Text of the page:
“Threw” and “through” might sound the same, but these words have entirely different meanings. So, how should you use them? And is “thru” a different word entirely? Check out our tips below to find out how these terms work and how to avoid errors when using them in your writing.
Threw (Past Tense of Throw)
“Threw” is the simple past tense of the verb “throw,” which usually means “send something through the air with force.” For example:
He threw the dart and watched it hit the bullseye.
The participle form of this term is “thrown” (e.g., to have “thrown a dart”). These verb forms apply for all verb senses of “throw,” too. For instance, when discussing a party or celebration, “throw” means “put on” or “host”:
I will throw a party.
I threw a party.
I have thrown a party.
This is obviously a different usage than “launch through the air.” But we still use “threw” and “thrown” for the past tenses of “throw” here.
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Through (Adjective, Adverb or Preposition)
The word “through” can be an adjective, an adverb, or a preposition. It has several meanings, the most common of which include:
Amidst something (e.g., We walked through the woods)
From the beginning to the end (e.g., We sat through the presentation)
As a result of or via (e.g., He lost his money through poor investments)
Having finished with something (e.g., I’m through with this job)
However, “through” is never a verb! It thus plays a different grammatical role to “threw,” which should make it easier to tell these words apart.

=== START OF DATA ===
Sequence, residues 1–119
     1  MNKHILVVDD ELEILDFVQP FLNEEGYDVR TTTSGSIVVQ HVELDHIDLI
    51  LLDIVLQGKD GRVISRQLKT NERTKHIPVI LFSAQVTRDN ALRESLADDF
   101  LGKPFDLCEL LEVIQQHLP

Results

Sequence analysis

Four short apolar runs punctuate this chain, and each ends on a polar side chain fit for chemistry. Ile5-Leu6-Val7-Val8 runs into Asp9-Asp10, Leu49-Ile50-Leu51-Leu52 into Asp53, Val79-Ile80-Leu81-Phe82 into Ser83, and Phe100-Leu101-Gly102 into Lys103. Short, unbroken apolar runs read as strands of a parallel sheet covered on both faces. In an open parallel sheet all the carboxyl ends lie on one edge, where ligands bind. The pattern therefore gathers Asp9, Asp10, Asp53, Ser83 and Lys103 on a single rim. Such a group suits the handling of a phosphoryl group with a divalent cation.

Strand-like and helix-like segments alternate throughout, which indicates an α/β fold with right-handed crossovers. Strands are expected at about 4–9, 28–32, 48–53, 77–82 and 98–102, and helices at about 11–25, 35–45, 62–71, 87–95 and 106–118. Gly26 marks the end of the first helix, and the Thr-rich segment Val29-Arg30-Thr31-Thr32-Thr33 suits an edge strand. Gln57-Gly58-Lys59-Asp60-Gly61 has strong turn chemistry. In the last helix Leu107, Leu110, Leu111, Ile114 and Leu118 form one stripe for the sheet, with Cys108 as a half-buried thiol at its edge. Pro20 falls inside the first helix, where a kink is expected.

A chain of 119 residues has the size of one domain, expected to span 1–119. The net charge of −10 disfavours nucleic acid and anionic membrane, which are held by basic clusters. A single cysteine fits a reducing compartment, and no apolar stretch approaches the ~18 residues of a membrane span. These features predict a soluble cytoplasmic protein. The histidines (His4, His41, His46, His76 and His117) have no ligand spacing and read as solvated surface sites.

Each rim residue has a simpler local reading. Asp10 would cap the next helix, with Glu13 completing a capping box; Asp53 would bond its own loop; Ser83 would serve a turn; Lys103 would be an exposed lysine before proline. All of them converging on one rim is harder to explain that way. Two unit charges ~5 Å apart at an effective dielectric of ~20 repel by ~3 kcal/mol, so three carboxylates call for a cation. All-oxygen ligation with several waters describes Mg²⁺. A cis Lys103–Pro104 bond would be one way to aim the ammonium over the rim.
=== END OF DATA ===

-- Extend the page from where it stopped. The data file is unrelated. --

Is “Thru” a Word?
In the early twentieth century, some spelling reformers argued for “thru” as a simplified version of “through.” And some dictionaries still list it as a spelling variant. However, this term is widely considered an informal or non-standard spelling. And it is rarely used outside of US English.
As such, you should avoid “thru” in most contexts, especially formal writing.
Summary: Threw or Through?
So, which of “threw,” “through,” or “thru” should you use in your writing? It all depends on what you’re trying to say! Remember:
Threw is the simple past tense of the verb “throw.”
Through has a range of uses as a preposition, adverb or adjective, including “amidst something,” “as a result of,” and “via.” However, it is never a verb!
Thru is a non-standard spelling of “through” and best avoided in most cases.
In terms of picking the right term, then, all you need to know is that “threw” is a verb. So if you need a word that describes an action (i.e., having thrown something), you need “threw.” But in almost any other situation, the correct spelling will be “through,” as this term is very versatile.